Cart 0

How To Start a Track With an Acapella in 10 Simple Steps

#PMLTipOfTheDay Music Production Tips 'n Tricks Writing Music

 

The way I start my tracks the most often is by finding a good chord progression. Sometimes however, I like to change things up and to start by playing around with vocals. In this 10 step guide I’m about to show you a really simple workflow to get started with your new track.

 

Step 1: Find and download an acapella

Having a killer vocal line to work with is key. It’s not always an easy task to find the vocals of your favourite song. Fortunately, there are plenty of great vocal recordings you can choose from, (and to make them sound original). From my experience Youtube and Reddit seem like good places to start looking for them.

Here’s a couple of my favourite acapellas:

Beyoncé - Best Thing I Never Had

Ciara - Dance Like We're Making Love

Ariana Grande - Dangerous Woman (whether you like Ariana or not, this acapella is really good to work with!) 

 

Step 2: Put the acapella into a Drum Rack


For beginners: A Drum Rack is essentially a device which is able to store Simpler devices in its ‘slots’. The reason why we’re going to work in a Drum Rack is because we will be able to trigger different samples by pressing different keys on our keyboard. 

Note: Make sure to duplicate the acapella into a few other slots by holding alt (option) and dragging and dropping it. That way we will have more phrases to play around with.

 

Step 3: Set up the choke group

After doing this, samples will automatically cancel each other out when you’ll start playing them (only one sample will play at a time). Setting it up is simple:

- Turn on the Chain List and the I/O of the Drum Rack by pressing these buttons:

- Set the same „Choke“ parameter to all of the samples. I chose 16, because it’s the nearest one (it’s faster to set it up this way)

 

 

 

Step 4: Find a good phrase for each of the sample slots

To do that, click on each slot in the Drum Rack and adjust the starting point. The point is to play around with it until you find an interesting sounding phrase. Find the sample triggering keys on your midi keyboard (or on your computer keyboard - white keys from A to L, changing octaves by pressing Z/X). Remember to turn on the red Arm button!

Step 5: Play around!

Try to trigger the samples in a way which forms a basic melody, around which a chord progression can be written. Don’t stress too much if the vocal shots don’t make any sense - in that case go back to point 1 and start with a different vocal line :)

Tip: You may want to increase the release on each of the samples. That way you won’t have to hold the keys when playing around. To apply a certain release time to all samples right click on the release knob and select „Copy Value to Siblings“.

When you’ve got an idea, quickly set up the tempo by clicking the „Tap“ button (in the upper left hand corner), hit the Record button (the black circle near the Play button) and save your phrase.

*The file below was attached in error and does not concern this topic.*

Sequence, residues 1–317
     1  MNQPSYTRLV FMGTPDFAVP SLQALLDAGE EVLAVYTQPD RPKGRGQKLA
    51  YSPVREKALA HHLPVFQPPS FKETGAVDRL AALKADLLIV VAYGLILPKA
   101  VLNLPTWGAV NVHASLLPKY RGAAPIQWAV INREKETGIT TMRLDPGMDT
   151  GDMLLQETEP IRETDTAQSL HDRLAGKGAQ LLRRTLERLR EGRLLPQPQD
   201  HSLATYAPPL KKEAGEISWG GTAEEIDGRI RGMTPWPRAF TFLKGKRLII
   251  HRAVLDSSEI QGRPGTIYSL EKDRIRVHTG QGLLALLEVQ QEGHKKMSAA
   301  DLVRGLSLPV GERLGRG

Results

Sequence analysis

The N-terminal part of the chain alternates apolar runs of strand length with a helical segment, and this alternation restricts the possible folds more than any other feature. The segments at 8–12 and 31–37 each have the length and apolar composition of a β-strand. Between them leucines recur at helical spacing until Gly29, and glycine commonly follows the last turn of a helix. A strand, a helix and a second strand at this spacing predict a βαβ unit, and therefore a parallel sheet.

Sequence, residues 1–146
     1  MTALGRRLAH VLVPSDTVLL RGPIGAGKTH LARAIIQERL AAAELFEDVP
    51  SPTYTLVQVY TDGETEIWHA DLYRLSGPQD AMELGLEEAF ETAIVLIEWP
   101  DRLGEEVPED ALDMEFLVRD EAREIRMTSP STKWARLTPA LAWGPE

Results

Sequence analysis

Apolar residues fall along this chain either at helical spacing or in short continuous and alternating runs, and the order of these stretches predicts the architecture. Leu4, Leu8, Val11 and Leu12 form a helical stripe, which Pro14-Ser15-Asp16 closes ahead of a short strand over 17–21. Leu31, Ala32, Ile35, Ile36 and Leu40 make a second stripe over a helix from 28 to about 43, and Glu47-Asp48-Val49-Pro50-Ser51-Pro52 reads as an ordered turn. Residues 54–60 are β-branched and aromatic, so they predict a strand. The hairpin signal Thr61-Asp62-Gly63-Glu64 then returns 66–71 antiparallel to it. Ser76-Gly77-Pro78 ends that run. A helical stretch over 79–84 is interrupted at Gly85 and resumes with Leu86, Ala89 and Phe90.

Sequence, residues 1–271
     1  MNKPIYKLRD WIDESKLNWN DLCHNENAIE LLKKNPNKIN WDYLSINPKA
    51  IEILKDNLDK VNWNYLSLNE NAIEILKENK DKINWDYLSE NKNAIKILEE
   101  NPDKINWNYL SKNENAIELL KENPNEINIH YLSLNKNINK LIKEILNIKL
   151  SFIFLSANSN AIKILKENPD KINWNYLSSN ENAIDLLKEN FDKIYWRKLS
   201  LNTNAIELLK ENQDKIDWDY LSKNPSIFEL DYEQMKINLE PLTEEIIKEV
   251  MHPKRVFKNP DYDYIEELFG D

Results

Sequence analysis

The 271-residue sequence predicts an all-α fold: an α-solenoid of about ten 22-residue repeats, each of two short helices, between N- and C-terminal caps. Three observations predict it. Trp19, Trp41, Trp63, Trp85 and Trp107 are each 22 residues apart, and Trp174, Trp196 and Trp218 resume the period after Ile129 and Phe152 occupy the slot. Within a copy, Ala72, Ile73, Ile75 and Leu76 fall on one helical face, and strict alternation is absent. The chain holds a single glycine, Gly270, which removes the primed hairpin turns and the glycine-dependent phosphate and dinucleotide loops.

"Harmony and Chord Progressions" - Learn more about our new self-paced course!

 

 

This is what I came up with:

 

Step 6: Figure out a bassline for your vocal line

To do this, drag a synth onto a new track (I made a quick Operator with a Saw 64 oscillator and a lowpass filter) and find a bassline which would fit your vocals.  

If your vocal line is repetitive (like mine), you can really add some movement to it by making a bassline. This is my result by far:

 

Step 7: Make a basic chord progression using a Grand Piano

To do this, once you’ve recorded your bassline, you can copy the file over to a new track with a Grand Piano, and add more notes to form chords. If you have a MIDI keyboard, you can of course play around on it to add some more feeling. 

This is what my chord progression looks like - the notes played by the bass are G, D#, A#, F. I added a couple of other notes and came up with this:

 

Step 8: Make a lead and find a matching melody for your chord progression

What I quickly made was another saw synth (i copied the Operator from the bassline, opened up the filter a little bit and added reverb with 100% of wet signal). You don’t have to do it this way - in most cases another track with a Grand Piano will do. You can always change the instrument later for something more fancy! 

 

Step 9: Continue making the track

In my case the melody sounded very mysterious, so I went ahead and created a heavy trap beat from it. It’s important not to stop when having a good melody, but to go ahead and create drums which will accompany it well!

 

Step 10: Don’t stress over not having the next hit yet

Until now, I have tried maybe even hundreds of times to follow the process layed out in this tutorial. If you’re worried because your work doesn’t meet your ambitions, make sure to read my last article. I wish someone gave me the advice from there when I was a very beginner!

Anyways, good luck with your music production!

k pizza author soundcloud

k-pizza

I’m k-pizza, a chill trap music maker who likes to share his experiences with other producers. I’m regularly going to show up with music and content at PML.

Listen: https://souncloud.com/k-pizza

 

.

.

"Harmony and Chord Progressions" - Learn more about our new self-paced course!

 



Older Post Newer Post